The Q&A Archives: Crab Grass in healthy lawn

Question: I have a very plush lawn but because my gardeners mow other lawns before getting to mine, I am beginning to get crab grass along the edges where they first mow when they come to my house. I have them washing their machine before mowing my lawn, but in warm weather in the low 90s in california, what can I use to generally spray and get rid of the crab grass?

Answer: How annoying! The good news is that crabgrass is an annual weed and will die out when the weather cools. The bad news is that even if you pull it out by the roots, it will leave seeds in the soil which will try to sprout next spring. Crabgrass starts germinating when soil temperatures are 50 to 55 degrees F for ten or more days and germination can take place over a 6 week period. Pre-emergence herbicides provide excellent weed control for crabgrass but they last only about 30 days. The compound prevents the weed seed from germinating, but it will not kill the newly sprouted seedling. Late April to early May is an ideal time to apply pre-emergence control in your region, but watch the weather patterns and apply sooner if the weather warrents. A second application might have to be made to keep your lawn a little more crabgrass free. At this point, you might want to try raking it out or hand pulling. Depending upon the type of turfgrass you are growing, there are some products that specifically target crabgrass but not some types of turfgrass. If you use one of these products, make sure your grass type is listed on the label. Next spring use the pre-emergent, reapplying in 30 days. That should keep the crabgrass under control. Best wishes with your lawn.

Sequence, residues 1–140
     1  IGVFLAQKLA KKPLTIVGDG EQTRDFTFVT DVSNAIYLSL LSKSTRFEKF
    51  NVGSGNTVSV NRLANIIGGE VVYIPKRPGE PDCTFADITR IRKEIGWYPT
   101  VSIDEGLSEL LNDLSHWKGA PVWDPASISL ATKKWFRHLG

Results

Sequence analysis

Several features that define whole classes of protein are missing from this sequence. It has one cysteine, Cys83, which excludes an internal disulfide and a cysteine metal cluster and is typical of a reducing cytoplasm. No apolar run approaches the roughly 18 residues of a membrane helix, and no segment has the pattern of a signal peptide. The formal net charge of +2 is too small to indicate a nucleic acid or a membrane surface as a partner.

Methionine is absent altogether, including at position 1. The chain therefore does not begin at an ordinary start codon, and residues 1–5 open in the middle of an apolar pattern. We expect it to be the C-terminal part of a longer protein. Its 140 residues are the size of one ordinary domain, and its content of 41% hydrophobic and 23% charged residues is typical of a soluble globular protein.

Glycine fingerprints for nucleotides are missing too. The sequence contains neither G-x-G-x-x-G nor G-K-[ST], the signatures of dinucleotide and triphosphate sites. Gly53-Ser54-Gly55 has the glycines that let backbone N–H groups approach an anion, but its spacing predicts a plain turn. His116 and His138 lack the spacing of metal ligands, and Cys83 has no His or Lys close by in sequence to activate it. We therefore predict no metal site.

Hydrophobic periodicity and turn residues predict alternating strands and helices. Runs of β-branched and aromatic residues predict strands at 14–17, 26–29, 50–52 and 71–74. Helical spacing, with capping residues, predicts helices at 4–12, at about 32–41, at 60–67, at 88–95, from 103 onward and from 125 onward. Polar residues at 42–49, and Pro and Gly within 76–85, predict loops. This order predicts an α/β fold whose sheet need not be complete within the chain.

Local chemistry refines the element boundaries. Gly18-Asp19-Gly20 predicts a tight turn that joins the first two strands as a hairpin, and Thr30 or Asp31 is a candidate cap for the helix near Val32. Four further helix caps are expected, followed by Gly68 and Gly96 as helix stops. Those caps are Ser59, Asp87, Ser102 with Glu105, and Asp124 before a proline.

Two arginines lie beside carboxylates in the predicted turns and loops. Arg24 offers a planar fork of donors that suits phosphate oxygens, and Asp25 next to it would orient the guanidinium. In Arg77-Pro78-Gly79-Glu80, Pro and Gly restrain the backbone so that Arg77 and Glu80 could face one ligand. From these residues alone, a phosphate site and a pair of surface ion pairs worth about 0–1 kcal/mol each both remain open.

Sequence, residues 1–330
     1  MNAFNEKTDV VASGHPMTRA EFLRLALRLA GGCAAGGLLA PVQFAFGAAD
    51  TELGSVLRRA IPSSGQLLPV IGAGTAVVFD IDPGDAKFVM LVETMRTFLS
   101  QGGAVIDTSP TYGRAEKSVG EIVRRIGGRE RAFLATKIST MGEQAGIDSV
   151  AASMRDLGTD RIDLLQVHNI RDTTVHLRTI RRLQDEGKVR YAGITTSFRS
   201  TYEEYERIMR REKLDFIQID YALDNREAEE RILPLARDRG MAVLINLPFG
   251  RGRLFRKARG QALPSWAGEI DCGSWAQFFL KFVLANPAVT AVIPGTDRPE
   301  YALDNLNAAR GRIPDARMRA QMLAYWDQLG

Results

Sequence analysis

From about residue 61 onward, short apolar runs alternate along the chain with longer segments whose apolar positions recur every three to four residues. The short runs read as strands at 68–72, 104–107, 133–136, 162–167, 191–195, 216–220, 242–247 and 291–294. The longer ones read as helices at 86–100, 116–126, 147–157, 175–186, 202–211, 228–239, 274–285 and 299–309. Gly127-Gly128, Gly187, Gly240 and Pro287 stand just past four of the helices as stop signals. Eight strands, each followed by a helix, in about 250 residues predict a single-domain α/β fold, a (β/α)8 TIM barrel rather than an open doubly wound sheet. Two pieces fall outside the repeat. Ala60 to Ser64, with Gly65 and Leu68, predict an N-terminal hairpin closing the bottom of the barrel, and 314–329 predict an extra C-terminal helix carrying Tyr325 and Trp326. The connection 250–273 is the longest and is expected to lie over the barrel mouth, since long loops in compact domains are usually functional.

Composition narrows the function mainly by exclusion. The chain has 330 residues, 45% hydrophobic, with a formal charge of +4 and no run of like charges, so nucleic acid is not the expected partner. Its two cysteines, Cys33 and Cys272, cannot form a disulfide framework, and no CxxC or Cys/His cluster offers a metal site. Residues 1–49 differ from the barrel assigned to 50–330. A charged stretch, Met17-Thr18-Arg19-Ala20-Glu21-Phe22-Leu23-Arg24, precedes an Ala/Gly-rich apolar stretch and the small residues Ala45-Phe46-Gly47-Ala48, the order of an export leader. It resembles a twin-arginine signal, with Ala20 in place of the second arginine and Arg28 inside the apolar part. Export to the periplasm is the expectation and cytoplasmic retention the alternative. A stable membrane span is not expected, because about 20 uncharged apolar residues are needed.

« Click to go to the homepage

» Ask a question of your own

Q&A Library Searching Tips

  • When singular and plural spellings differ, as in peony and peonies, try both.
  • Search terms are not case sensitive.

Today's site banner is by plantmanager and is called "Captivating Caladiums"